Cinnamon, fragrant spice plant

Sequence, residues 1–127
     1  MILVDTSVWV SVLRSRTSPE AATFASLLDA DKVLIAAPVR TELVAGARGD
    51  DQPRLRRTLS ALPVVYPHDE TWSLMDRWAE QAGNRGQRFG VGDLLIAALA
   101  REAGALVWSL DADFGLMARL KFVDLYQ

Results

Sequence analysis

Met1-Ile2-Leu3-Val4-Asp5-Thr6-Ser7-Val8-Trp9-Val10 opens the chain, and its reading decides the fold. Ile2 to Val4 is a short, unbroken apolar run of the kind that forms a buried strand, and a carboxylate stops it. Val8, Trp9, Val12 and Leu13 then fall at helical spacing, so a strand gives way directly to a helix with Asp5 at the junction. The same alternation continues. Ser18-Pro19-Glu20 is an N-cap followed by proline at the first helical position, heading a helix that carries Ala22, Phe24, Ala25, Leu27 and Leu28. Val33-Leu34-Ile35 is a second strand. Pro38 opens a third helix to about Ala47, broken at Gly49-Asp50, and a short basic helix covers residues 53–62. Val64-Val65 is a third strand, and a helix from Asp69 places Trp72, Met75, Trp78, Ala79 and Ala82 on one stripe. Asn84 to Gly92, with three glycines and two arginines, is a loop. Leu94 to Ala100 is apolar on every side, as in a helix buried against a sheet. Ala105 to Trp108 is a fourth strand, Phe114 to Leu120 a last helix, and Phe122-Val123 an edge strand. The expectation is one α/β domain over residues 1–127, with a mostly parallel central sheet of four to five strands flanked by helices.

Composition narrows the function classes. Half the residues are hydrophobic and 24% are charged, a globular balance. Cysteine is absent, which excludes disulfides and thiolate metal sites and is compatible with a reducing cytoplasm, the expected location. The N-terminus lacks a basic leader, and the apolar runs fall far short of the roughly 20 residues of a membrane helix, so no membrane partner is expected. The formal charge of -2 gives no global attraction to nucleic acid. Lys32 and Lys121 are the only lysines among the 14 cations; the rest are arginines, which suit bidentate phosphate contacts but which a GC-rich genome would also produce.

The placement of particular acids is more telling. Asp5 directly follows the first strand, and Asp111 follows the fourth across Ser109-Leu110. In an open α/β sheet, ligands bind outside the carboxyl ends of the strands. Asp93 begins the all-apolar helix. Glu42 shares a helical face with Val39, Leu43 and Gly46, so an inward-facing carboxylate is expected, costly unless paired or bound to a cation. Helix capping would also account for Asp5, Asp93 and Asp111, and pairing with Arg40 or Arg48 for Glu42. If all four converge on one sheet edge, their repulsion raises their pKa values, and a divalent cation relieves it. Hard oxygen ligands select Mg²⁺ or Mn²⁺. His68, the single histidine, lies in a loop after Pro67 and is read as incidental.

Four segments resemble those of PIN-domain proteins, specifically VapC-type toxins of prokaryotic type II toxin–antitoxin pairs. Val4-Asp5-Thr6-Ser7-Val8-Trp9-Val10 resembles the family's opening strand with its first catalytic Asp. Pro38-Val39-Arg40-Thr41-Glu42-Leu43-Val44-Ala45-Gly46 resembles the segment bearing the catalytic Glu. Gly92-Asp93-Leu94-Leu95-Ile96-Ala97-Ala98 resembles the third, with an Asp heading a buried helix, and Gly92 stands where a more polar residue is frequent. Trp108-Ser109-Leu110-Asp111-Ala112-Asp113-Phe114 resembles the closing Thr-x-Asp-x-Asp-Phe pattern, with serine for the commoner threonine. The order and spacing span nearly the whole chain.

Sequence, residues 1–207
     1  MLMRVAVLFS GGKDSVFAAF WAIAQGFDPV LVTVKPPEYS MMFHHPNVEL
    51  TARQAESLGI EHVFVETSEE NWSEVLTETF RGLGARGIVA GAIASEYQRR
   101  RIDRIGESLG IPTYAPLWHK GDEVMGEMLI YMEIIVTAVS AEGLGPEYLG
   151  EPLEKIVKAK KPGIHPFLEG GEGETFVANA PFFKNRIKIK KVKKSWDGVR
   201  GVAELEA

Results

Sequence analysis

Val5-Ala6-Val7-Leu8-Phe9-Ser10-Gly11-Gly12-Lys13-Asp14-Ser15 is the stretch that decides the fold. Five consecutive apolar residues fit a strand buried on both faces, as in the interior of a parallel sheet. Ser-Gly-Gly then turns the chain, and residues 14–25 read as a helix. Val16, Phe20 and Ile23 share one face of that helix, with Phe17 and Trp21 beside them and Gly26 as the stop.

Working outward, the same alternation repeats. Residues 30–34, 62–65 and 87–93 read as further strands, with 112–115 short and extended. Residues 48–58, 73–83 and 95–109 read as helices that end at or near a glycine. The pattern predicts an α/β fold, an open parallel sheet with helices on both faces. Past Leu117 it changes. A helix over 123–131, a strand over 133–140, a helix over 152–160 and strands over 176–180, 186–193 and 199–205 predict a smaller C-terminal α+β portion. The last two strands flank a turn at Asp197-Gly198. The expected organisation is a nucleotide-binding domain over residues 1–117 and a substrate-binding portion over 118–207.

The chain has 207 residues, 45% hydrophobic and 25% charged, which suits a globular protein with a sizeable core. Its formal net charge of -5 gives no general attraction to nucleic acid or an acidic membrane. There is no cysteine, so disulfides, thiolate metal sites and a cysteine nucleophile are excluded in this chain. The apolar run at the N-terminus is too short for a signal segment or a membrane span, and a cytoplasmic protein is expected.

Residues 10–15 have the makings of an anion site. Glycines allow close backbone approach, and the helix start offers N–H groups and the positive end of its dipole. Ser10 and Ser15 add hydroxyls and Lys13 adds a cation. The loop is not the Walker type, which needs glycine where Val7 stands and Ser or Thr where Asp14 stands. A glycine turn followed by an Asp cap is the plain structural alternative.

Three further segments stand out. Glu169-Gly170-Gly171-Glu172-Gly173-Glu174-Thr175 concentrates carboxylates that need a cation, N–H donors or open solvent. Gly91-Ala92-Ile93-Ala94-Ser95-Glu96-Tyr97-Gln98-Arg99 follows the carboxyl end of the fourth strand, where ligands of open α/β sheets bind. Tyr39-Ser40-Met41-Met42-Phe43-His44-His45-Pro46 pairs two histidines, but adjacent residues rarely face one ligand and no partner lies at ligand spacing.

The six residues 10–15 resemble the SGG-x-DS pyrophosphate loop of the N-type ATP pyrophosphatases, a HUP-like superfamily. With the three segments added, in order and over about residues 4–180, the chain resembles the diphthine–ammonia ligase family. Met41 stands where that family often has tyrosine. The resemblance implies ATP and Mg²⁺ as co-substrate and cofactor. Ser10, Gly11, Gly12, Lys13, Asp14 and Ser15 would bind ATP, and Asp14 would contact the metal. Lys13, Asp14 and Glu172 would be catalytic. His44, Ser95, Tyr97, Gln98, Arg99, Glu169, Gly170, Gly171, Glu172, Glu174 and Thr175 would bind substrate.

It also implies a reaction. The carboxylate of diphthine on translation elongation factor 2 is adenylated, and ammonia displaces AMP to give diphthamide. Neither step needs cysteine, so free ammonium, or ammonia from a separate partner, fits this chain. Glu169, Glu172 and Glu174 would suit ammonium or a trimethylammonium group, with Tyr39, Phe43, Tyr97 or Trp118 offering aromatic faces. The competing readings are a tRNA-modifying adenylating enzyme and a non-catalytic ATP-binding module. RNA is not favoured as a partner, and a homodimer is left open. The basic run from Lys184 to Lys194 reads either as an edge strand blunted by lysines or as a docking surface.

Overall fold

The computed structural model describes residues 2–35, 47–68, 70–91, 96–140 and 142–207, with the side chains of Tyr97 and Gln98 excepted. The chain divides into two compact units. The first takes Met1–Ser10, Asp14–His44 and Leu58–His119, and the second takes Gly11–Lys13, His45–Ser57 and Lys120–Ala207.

Cinnamon, the spice is much in talk these days because of the finding of some studies that it may improve blood glucose and cholesterol levels in people with Type 2 diabetes. A certain study showed lower levels of fasting glucose, triglycerides, LDL cholesterol and total cholesterol after 40 days with levels continuing to drop for 20 days after that. Cinnamon was once so highly valued that wars were fought over it. It was believed to have aphrodisiacal powers. And it was used as currency during the period of barter system. True cinnamon dates back in Chinese writings to 2800 B.C. Its botanical name derives from the Hebraic and Arabic term amomon meaning 'fragrant spice plant'. Through the centuries this fragrant spice has played its unique role in luring humans from emperors to commons. The spice Cinnamon is the inner bark of an evergreen tropical forest tree, belonging to the family Lauraceae, and is a native to Sri Lanka (erstwhile Ceylon). It has its origin in the central hills of the country, according to plant-tree historians. In India, it is grown in certain areas in Kerala. There are many species of the tree (cinnamomum cassia, cinnamomum zeylanicum etc.) and different grades of the bark. Cinnamon Zeilanicum is also known as 'Ceylon cinnamon' or 'true cinnamon', and this one has a lighter color and sweeter flavor than the other varieties. Ceylon's monopoly could not continue for long. The preservative quality of cinnamon for meat and its medicinal properties to treat coughing, hoarseness and sore throats made it a much sought-after spice. The Dutch seized Ceylon, the world's largest source of cinnamon in the 17th century, according to history. The Dutch were defeated by the French and thus Ceylon came under the French power. In the meanwhile, Ceylon's monopoly ended when some other countries such as India, China, Vietnam, Java, Sumatra, Borneo, Mauritius, Reunion and Guyana, South America, the West Indies began growing the tree. The commercial products of cinnamon are proof of the spice's various uses and popularity – quills, quillings, featherings, chips, bark oil, and leaf oil.